APOBEC3 Mediates Resistance to Oncolytic Viral Therapy.
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Tumor cells frequently evade applied therapies through the accumulation of genomic mutations and rapid evolution. In the case of oncolytic virotherapy, understanding the mechanisms by which cancer cells develop resistance to infection and lysis is critical to the development of more effective viral-based platforms. Here, we identify APOBEC3 as an important factor that restricts the potency of oncolytic vesicular stomatitis virus (VSV). We show that VSV infection of B16 murine melanoma cells upregulated APOBEC3 in an IFN-β-dependent manner, which was responsible for the evolution of virus-resistant cell populations and suggested that APOBEC3 expression promoted the acquisition of a virus-resistant phenotype. Knockdown of APOBEC3 in B16 cells diminished their capacity to develop resistance to VSV infection <i>in vitro</i> and enhanced the therapeutic effect of VSV <i>in vivo</i>. Similarly, overexpression of human APOBEC3B promoted the acquisition of resistance to oncolytic VSV both <i>in vitro</i> and <i>in vivo</i>. Finally, we demonstrate that APOBEC3B expression had a direct effect on the fitness of VSV, an RNA virus that has not previously been identified as restricted by APOBEC3B. This research identifies APOBEC3 enzymes as key players to target in order to improve the efficacy of viral or broader nucleic acid-based therapeutic platforms.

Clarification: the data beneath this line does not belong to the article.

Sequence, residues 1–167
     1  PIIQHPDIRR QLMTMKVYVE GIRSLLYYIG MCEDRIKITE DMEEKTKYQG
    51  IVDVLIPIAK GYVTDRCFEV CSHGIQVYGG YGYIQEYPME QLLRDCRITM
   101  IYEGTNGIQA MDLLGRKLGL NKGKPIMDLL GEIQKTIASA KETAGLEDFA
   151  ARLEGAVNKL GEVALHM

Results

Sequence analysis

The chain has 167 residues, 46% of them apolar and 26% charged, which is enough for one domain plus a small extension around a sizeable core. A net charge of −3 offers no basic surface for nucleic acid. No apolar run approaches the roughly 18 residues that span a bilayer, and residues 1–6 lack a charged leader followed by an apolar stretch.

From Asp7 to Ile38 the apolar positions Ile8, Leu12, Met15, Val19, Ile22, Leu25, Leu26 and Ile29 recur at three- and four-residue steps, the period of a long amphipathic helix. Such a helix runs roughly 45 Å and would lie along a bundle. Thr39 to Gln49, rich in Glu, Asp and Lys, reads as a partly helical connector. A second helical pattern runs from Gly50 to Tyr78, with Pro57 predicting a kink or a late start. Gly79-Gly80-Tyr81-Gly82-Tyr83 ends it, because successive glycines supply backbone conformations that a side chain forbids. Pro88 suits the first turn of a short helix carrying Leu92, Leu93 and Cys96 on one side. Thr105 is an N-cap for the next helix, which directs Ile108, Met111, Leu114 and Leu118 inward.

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Molecular therapy oncolytics, 2018, 11 pp. 1 - 13